Considerations in the use of echocardiography in epidemiology. The Framingham Study.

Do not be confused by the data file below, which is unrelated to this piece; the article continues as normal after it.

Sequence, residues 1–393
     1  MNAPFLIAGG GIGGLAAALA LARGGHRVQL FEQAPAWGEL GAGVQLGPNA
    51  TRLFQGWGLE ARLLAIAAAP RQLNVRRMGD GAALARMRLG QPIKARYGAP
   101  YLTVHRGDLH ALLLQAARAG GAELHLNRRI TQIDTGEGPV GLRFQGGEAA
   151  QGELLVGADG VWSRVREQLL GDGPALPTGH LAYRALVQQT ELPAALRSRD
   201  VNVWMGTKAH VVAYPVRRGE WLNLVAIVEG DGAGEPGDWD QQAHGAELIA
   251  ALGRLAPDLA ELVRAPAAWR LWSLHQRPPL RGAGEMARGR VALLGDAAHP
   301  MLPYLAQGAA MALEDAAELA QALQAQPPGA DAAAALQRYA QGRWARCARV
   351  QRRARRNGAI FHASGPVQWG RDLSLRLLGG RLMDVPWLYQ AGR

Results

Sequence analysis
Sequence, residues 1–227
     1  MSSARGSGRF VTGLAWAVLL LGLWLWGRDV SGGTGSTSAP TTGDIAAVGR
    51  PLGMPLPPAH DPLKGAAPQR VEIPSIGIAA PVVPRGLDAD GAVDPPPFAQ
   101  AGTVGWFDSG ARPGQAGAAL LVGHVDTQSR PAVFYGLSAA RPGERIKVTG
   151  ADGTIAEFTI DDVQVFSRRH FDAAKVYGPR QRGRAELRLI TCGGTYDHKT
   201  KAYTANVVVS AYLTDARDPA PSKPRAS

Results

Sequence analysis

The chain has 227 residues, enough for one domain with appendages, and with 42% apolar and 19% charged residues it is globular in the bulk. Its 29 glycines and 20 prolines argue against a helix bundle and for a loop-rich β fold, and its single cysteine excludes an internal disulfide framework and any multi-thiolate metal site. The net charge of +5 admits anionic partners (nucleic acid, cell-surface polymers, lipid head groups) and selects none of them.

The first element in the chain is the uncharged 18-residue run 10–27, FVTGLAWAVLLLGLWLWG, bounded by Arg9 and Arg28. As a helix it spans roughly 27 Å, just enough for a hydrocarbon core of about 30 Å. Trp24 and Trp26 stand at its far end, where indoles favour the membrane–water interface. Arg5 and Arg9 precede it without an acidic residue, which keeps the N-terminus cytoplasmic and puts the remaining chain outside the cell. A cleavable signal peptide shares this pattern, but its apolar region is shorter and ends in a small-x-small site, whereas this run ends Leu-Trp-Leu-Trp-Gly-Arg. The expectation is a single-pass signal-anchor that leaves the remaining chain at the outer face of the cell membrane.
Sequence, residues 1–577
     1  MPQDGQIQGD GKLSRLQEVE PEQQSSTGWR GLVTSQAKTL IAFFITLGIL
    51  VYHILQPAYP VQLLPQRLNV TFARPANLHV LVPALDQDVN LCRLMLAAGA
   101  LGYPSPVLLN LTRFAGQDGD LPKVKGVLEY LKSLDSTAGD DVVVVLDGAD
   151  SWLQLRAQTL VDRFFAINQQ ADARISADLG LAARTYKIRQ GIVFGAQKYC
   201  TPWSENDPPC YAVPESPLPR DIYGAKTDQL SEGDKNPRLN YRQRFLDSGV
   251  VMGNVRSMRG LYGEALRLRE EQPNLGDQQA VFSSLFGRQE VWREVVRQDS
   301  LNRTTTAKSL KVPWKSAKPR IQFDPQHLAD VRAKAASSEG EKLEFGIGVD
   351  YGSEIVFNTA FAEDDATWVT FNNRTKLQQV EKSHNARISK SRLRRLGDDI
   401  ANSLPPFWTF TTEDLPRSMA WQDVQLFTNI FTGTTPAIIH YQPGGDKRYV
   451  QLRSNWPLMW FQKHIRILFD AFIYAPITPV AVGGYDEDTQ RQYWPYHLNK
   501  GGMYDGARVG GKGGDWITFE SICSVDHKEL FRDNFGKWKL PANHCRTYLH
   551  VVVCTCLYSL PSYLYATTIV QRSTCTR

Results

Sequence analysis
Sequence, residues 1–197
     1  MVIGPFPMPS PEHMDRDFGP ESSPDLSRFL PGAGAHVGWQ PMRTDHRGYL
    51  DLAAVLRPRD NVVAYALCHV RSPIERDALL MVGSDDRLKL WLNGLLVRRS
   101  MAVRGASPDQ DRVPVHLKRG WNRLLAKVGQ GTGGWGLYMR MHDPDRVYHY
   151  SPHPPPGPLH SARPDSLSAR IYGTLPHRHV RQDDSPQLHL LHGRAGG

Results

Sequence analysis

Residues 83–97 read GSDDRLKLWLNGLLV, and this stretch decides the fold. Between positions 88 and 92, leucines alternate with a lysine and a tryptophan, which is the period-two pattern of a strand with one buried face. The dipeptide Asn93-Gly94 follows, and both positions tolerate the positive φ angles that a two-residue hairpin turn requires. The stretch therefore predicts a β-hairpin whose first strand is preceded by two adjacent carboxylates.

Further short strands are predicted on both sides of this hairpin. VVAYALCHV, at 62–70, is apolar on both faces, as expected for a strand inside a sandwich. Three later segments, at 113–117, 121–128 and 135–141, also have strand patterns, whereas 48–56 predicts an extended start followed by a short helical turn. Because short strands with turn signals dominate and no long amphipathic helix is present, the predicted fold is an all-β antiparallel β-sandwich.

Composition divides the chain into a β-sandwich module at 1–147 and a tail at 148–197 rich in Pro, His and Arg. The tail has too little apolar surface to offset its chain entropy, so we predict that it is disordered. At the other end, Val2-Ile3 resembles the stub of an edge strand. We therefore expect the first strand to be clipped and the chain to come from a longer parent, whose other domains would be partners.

To quantify potential biases in the use of echocardiography in epidemiologic studies, we assessed the relationship of sex, age, vital capacity, body fatness, and overt cardiovascular disease to prevalence of acceptable echocardiograms in 6148 Framingham men and women aged 17 to 90 years. Echocardiograms adequate to assess left ventricular chamber dimensions and wall thickness, aortic root, and left atrial dimensions as well as mitral and aortic valves were obtained in 4947 (80%) of the 6148 subjects. The prevalence of acceptable echocardiograms ranged from less than 50% for those more than 80 years of age to more than 96% for subjects under 30 years of age. A significant learning curve was apparent, particularly in the older subjects (more than 60 years of age) for whom prevalence of acceptable echocardiograms rose from a minimum of 28% during the first 5 months of studies to a maximum of 74 to 81% during studies 2 years later. The likelihood of unacceptable echocardiograms was slightly greater in men. Obesity (in subjects younger than 60 years of age), lower vital capacity, and overt cardiovascular disease were associated with unacceptable echocardiograms, independent of age. Consideration of these biases should aid in the interpretation and planning of epidemiologic and other studies using echocardiography.
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